Bruins Lose to Monarchs: 6 Notable Numbers from Providence's Season Opener

Al DanielCorrespondent IIOctober 12, 2012

Reigning top scorer Carter Camper tied Jamie Tardif for a team-high four shots on goal, but was held pointless and posted a minus-two rating, on opening night.
Reigning top scorer Carter Camper tied Jamie Tardif for a team-high four shots on goal, but was held pointless and posted a minus-two rating, on opening night.Bruce Bennett/Getty Images

Not since Oct. 4, 2009, when Brad Marchand was still a minor league mainstay and bagging multi-goal games, have either the Boston or Providence Bruins mustered a 1-0 start to their season.

That tepid trend lived on Friday night when the P-Bruins brooked a fall-from-ahead, 3-1 defeat against the Manchester Monarchs. An initial 1-0 edge in the opening frame devolved into a 1-1 deadlock in the second, before Manchester tacked on the decider and the insurance.

The six most protruding numbers from this game are as follows. 



Special teams’ goals in the Providence net, which conspired to usurp the one-goal lead for the visiting Monarchs and ultimately decide the game. Furthermore, the timing of each tally was the definition of deflating for the host club.

Providence safeguarded a 1-0 advantage, courtesy of Jamie Tardif, for what amounted to 24 minutes and five seconds worth of game action. That lead evaporated with 16.8 ticks remaining in the second period when Andrei Loktionov buried a shorthanded bid.

In turn, when the Bruins could have augmented their lead on their third power play of the night and let the Monarchs carry that shell shock into the dressing room, they instead self-inflicted a psychological wound.

On the other side of the intermission, Colby Cohen took a hooking penalty within the first minute of the closing stanza and Manchester capitalized―via Andy Andreoff―to cut open a fresh wound on fresh ice. The momentum had thus completed its slow, agonizing transition for the home faithful at the Dunkin Donuts Center.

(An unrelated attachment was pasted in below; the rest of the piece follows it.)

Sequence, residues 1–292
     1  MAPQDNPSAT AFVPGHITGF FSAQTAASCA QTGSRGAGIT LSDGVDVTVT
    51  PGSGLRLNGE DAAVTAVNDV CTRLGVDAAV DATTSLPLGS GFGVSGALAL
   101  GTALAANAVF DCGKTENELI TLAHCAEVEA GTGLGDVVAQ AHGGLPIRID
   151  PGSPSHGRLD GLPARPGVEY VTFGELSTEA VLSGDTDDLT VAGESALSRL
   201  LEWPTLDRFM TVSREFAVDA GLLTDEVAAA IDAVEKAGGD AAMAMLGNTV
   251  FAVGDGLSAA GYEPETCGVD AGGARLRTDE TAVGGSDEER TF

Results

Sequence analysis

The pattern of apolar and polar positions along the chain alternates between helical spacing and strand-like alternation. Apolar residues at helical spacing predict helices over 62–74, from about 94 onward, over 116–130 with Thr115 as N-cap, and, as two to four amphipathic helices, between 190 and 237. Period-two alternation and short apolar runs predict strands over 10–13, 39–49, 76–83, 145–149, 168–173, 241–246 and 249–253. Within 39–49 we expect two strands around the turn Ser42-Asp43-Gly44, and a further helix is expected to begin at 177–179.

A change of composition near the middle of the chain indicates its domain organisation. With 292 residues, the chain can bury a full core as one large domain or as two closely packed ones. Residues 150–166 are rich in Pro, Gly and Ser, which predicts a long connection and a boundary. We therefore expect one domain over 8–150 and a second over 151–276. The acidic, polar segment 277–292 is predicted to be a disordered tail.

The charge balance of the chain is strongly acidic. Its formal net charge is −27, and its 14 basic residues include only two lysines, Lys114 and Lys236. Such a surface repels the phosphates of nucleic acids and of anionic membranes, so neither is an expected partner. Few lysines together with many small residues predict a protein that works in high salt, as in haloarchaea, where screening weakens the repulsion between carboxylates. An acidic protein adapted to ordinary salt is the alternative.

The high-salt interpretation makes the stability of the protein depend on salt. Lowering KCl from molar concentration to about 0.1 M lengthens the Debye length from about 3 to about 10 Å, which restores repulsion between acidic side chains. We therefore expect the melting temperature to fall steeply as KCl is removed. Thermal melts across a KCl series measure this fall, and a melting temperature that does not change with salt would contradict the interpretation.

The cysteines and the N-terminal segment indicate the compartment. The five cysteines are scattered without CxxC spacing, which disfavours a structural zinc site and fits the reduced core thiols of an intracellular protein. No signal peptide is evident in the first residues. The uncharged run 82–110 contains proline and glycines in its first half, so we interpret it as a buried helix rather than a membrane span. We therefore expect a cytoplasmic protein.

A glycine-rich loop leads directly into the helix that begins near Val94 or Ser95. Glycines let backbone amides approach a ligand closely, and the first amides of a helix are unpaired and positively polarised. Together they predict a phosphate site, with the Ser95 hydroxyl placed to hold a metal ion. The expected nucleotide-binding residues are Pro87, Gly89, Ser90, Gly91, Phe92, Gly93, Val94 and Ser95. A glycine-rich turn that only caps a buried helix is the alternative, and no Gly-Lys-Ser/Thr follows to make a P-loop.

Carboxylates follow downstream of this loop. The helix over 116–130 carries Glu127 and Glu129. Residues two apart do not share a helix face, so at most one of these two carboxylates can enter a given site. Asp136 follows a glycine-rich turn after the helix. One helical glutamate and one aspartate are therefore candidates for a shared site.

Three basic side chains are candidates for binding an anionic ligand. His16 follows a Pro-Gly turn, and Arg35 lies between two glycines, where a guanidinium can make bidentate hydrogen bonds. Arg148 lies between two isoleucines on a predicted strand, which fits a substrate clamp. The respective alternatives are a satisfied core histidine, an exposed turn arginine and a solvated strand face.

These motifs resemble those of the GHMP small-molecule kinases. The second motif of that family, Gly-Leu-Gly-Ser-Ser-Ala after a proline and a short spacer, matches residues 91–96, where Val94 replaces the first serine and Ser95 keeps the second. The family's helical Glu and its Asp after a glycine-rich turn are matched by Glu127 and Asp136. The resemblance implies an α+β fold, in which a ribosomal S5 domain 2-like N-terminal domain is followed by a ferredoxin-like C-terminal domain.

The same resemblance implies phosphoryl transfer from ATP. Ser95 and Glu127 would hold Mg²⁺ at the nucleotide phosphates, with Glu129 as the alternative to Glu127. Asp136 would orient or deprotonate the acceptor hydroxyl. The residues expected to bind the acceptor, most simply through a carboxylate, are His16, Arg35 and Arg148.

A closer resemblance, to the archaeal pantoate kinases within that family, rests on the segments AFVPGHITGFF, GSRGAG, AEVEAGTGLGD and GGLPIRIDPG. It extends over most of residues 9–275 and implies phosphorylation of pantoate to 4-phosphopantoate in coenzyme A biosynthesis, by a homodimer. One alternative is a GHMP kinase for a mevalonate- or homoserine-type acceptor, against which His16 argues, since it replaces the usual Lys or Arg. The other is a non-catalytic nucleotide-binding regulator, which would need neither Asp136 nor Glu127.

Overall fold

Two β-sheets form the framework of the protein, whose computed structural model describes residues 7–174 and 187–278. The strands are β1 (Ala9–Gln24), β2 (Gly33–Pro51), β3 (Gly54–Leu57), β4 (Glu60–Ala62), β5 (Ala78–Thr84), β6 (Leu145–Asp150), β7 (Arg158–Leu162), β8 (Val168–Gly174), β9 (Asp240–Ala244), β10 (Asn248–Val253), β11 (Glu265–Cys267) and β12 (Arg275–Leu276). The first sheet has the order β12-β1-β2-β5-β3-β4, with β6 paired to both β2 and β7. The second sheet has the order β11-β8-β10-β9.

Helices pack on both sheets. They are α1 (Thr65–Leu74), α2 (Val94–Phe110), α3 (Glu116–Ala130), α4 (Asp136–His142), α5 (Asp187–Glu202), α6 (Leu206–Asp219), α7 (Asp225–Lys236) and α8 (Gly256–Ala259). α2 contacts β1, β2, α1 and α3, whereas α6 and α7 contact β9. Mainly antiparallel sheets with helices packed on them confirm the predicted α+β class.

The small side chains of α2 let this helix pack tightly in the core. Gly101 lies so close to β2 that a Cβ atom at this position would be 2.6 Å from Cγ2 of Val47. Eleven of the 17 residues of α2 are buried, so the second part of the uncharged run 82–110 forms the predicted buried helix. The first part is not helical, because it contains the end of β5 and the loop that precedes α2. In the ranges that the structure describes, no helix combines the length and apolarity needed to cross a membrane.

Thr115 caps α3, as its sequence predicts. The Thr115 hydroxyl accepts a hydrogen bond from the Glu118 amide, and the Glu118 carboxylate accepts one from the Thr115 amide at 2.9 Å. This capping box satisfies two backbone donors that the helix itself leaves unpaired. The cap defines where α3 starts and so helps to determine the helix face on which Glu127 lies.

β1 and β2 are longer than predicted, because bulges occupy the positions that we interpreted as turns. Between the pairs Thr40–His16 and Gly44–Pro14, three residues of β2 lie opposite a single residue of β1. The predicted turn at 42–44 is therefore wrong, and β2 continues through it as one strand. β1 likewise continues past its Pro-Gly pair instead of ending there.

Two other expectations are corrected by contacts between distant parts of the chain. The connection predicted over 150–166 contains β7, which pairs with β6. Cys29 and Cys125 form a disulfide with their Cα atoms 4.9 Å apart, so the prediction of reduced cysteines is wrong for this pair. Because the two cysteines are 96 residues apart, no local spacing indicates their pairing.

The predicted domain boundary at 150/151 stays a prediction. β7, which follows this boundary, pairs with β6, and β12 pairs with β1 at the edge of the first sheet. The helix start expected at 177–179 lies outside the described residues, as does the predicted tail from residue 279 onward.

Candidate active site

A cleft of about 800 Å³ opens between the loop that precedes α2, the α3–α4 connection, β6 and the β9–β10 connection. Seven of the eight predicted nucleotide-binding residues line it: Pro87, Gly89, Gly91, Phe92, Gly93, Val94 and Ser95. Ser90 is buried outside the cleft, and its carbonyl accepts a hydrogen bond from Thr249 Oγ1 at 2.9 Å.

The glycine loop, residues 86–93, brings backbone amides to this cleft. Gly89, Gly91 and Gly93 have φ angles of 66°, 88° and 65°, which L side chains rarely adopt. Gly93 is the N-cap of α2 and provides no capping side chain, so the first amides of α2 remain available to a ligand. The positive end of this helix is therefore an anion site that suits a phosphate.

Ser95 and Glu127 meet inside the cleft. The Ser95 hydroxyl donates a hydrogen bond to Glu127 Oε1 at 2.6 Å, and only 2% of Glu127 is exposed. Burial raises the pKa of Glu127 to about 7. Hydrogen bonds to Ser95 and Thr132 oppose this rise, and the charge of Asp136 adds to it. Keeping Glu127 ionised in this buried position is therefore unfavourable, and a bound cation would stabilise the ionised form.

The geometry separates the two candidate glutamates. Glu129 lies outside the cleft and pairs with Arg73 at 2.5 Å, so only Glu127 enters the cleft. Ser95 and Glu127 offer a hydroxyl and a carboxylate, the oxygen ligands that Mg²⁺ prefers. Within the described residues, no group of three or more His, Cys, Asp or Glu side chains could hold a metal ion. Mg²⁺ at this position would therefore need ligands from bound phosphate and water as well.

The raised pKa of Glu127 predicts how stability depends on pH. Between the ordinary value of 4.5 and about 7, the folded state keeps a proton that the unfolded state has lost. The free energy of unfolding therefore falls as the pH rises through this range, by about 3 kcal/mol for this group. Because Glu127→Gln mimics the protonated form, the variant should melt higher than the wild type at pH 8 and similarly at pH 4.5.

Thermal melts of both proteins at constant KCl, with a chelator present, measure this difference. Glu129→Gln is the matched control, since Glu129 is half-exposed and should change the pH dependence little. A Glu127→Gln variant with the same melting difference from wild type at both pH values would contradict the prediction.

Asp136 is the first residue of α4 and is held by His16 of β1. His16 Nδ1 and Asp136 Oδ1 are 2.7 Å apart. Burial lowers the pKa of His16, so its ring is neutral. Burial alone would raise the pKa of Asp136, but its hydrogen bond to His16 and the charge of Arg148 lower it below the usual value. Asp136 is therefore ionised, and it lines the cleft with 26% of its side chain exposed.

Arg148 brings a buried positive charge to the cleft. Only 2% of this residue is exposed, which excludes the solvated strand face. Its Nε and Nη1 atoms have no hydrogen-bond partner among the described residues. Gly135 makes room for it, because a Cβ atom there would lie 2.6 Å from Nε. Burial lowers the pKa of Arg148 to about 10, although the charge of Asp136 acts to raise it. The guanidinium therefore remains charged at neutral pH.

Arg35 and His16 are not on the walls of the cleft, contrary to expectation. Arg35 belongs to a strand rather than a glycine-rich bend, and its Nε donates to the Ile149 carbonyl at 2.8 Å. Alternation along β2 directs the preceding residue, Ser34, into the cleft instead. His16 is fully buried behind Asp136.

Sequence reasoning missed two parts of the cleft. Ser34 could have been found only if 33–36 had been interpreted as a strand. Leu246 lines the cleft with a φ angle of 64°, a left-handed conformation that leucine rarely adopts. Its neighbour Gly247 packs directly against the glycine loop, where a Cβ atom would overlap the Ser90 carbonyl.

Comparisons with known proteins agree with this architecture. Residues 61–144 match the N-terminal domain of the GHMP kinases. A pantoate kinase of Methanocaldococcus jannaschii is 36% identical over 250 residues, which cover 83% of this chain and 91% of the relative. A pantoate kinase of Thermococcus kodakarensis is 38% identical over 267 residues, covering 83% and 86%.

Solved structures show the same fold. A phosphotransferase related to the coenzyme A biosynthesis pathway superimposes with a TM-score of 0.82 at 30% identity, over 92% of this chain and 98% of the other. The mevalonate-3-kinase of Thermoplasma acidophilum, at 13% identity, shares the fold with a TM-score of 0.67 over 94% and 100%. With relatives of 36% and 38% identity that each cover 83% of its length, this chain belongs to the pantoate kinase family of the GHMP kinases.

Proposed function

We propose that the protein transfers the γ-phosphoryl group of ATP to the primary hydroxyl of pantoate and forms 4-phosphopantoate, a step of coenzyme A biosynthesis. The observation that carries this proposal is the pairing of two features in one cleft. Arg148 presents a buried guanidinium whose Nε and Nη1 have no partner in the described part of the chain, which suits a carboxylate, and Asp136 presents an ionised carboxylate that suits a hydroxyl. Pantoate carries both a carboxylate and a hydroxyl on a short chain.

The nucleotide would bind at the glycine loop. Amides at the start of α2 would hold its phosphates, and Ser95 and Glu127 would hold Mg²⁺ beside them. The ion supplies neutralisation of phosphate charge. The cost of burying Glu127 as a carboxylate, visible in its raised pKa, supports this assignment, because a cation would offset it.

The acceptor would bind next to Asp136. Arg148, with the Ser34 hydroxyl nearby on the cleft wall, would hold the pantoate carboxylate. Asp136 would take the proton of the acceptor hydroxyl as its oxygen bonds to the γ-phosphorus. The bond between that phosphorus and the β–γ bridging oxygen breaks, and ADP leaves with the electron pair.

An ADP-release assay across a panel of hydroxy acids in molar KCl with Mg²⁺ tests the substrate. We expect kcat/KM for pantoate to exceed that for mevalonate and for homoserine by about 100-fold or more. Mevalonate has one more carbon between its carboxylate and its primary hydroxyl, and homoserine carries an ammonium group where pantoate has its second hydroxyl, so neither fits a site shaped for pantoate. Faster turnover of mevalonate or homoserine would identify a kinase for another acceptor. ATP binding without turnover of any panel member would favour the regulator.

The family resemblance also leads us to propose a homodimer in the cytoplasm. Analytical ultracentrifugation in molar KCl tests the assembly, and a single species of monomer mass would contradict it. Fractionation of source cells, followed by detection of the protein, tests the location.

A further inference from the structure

Consecutive season opening losses, all on home ice and all with merely one goal to speak of. The P-Bruins previously set the wrong tone for the 2010-11 season with a 5-1 submission to Springfield and a 4-1 falter versus St. John’s last year.

In all three cases, one jutting flaw was the team’s empty power play (must run in the family), despite drawing more opposing penalties on the night.

On that note…



Blown advantages. Providence could not reap rewards from superior discipline, spilling each of five power-play opportunities, while letting Manchester go 1-for-3 on its power play.

In all, the Bruins spent nine minutes and 12 seconds on the man advantage, including 48 seconds of five-on-three early in the third, when a 2-2 equalizer was still possible. Nothing doing, as Providence was all but a case study against procrastination and cramming.



The new uniform digit for Andrew Bodnarchuk, who previously sported the No. 2 for the P-Bruins and made his debut as a Monarch on Friday. Chiefly a stay-at-home defenseman, Bodnarchuk garnered a secondary assist on Loktionov’s shortie, driving home the dagger into his lingering love affair with Bruins buffs.



AHL career points for Ryan Spooner, who played in his ninth game with the Baby Bs Friday and the first in his first full professional season. Spooner’s assist on Tardif’s goal proved one of the few bright spots in the opener, as it suggests he has retained the rhythm he brewed up in his late-season stints from both 2010-11 and 2011-12.

As it happens, the only two games in which Spooner has not registered a point were both last season against the Bridgeport Sound Tigers, who are Saturday’s opponent in the P-Bruins’ first road tilt of the new campaign. 



Registered stabs at Manchester stopper Martin Jones within the first 20 minutes, as well as within the last 40. The P-Bruins outshot the Monarchs, 15-9, in the opening frame, going on a 6-0 run within the first five minutes to set a mixed tone of unfinished chances for the night.

Although Tardif tuned the mesh at the 15:38 mark, one goal on 15 shots on net within a single stanza is never going to cut it.

As it happened, a lack of a firmer cushion returned to bite the Bruins when they mustered merely five shots in the middle frame and 10 in the third, all coming after they had mounted a 2-1 deficit.